Green investors to step up pressure on U.S. utilities after court ruling




  • In US
  • 2022-07-01 19:10:05Z
  • By Reuters

By Ross Kerber

BOSTON (Reuters) -Activist investment leaders who have urged U.S. companies to cut carbon emissions said on Friday they expect more such efforts following a milestone U.S. Supreme Court ruling on Thursday that diminished the power of federal environmental regulators.

By constraining the U.S. Environmental Protection Agency's authority to regulate greenhouse gas emissions from coal- and gas-fired power plants, the court put responsibility on investors looking to slow climate change, said Andrew Behar, chief executive of the nonprofit group As You Sow, a which often files shareholder resolutions.

Investors will likely launch more engagements with companies ahead of the 2023 annual meeting season, Behar said, adding that executives lately have been more receptive to suggested changes.

"All the models say climate change will be bad for business," Behar said in an interview. The court's ruling, he said, means that "corporations have even more responsibility to their stakeholders" to limit emissions.

Climate issues have gained new attention from top asset managers and executives as investors pour new cash into funds that use environmental, social and governance (ESG) metrics to pick stocks.[L1N2Y31MK]

For instance among top U.S. utilities this year, Duke Energy vowed to cut more emissions and Southern Co agreed to disclose more emissions details as part of deals with investors, As You Sow said.

Via e-mail a Duke representative said "we and many of our stakeholders share the view that we can take a leadership role in tackling greenhouse gas emissions associated with our business."

Duke had previously said the Supreme Court ruling will not immediately impact its coal plant retirement dates including a full exit from coal by 2035.

A Southern representative said the company "has a long-term constructive relationship with As You Sow and many other investors and environmental stakeholders and appreciates that stakeholders are interested in understanding the company's path to net zero."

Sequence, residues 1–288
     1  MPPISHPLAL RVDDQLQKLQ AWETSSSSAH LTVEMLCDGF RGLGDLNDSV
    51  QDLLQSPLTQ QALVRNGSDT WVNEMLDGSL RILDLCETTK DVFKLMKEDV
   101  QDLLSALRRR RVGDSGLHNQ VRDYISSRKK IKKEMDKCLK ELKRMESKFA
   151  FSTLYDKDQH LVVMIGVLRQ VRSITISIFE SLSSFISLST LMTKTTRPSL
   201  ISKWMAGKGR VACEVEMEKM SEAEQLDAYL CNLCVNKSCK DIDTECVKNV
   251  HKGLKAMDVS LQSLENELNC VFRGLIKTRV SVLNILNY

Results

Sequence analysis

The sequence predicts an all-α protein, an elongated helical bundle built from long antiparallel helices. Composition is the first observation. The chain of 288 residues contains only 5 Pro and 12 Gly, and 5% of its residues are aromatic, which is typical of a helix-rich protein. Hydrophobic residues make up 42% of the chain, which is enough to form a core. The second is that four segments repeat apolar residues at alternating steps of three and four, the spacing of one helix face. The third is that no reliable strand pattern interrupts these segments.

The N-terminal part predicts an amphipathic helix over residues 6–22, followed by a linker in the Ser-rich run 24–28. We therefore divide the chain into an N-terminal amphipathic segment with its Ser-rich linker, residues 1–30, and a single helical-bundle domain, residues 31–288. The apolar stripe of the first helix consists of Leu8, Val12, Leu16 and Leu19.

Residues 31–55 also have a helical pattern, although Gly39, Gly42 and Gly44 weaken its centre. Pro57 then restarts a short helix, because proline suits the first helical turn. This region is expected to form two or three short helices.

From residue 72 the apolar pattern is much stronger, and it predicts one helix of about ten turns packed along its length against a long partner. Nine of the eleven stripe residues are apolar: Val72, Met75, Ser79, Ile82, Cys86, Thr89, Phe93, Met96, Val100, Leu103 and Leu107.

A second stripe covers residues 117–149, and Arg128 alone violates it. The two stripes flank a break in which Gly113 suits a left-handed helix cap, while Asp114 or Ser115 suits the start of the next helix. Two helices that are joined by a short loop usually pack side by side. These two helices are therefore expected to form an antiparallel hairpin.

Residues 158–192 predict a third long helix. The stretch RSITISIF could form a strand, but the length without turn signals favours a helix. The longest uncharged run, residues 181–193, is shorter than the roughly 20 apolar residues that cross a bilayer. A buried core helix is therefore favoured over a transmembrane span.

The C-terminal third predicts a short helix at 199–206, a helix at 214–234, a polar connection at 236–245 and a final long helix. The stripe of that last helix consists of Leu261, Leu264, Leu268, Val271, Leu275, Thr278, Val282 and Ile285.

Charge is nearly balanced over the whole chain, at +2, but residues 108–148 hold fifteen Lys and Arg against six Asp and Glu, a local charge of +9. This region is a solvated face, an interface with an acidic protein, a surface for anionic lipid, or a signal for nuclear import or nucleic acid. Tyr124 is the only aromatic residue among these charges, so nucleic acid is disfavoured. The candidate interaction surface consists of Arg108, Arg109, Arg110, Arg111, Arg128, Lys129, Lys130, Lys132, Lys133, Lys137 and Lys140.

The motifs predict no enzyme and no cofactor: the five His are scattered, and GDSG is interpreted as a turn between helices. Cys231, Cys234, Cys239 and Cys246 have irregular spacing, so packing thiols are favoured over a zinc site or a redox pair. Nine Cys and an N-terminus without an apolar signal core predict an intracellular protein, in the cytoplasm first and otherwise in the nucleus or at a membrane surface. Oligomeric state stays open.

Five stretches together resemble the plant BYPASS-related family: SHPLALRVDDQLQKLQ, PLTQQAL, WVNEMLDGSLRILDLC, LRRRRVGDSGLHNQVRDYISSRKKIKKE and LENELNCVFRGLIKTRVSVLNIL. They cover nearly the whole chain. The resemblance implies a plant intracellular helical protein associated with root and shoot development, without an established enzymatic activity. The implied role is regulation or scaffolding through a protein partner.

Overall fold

The company is still reviewing the Supreme Court decision, the representative said.

Mindy Lubber, president of Ceres, a Boston climate advocacy group that works with asset managers and others, said having invested heavily in clean power technologies like solar panels and battery storage, utilities won't likely change course whatever regulations are limited by the court's decision.

"Everything is not going to stop and go backwards just because of the Supreme Court ruling," Lubber said. Rather, utilities could face tougher requests from shareholders next year such as calls for more specific emission cut schedules or reviews of their lobbying activities, she said.

Thursday's ruling reduced the power of officials to use the landmark Clean Air Act anti-pollution law. It is likely to have implications beyond the EPA as it raises new legal questions about any big decisions made by federal agencies. [L1N2YH1IN]

For instance the ruling could also spell trouble for an effort by a U.S. Securities and Exchange Commission to force companies to disclose their emissions, legal experts said.[L1N2YI1DM]

Investors have looked to standardized disclosures as a way to pressure heavy emitters.

(Reporting by Ross Kerber; Editing by David Gregorio)

COMMENTS

More Related News

A Man Crashed His Car Into A Barricade Near The Supreme Court, Then Killed Himself
A Man Crashed His Car Into A Barricade Near The Supreme Court, Then Killed Himself
  • US
  • 2022-08-14 16:53:28Z

Capitol Police said Sunday they were investigating the man's background.View Entire Post ›

SEC Approves New Investment Product, But Advisors Say Proceed With Caution
SEC Approves New Investment Product, But Advisors Say Proceed With Caution

A brand new product has hit the market: the SEC has approved the use of single-stock ETFs, the first eight of which have been introduced by AXS Investments. ...

Dayton man convicted of rape in 2014 can file for new trial
Dayton man convicted of rape in 2014 can file for new trial
  • US
  • 2022-08-12 13:45:35Z

A Dayton man convicted of rape in 2014 will be allowed to file for a new trial, the Ohio Supreme Court ruled.

New York gun bans alarm residents of upstate bear country
New York gun bans alarm residents of upstate bear country
  • US
  • 2022-08-12 10:04:09Z

Gunfire has long echoed in New York's Adirondack Mountains. So June's landmark ruling by the U.S. Supreme Court establishing a constitutional right to carry...

Where we think inflation will go from here - and what it means for investors
Where we think inflation will go from here - and what it means for investors

When we established our Wealth Preserver portfolio - which was before inflation took off - we said we would be less interested in trying to predict...

Leave a Comment

Your email address will not be published. Required fields are marked with *

Cancel reply

Comments

Top News: US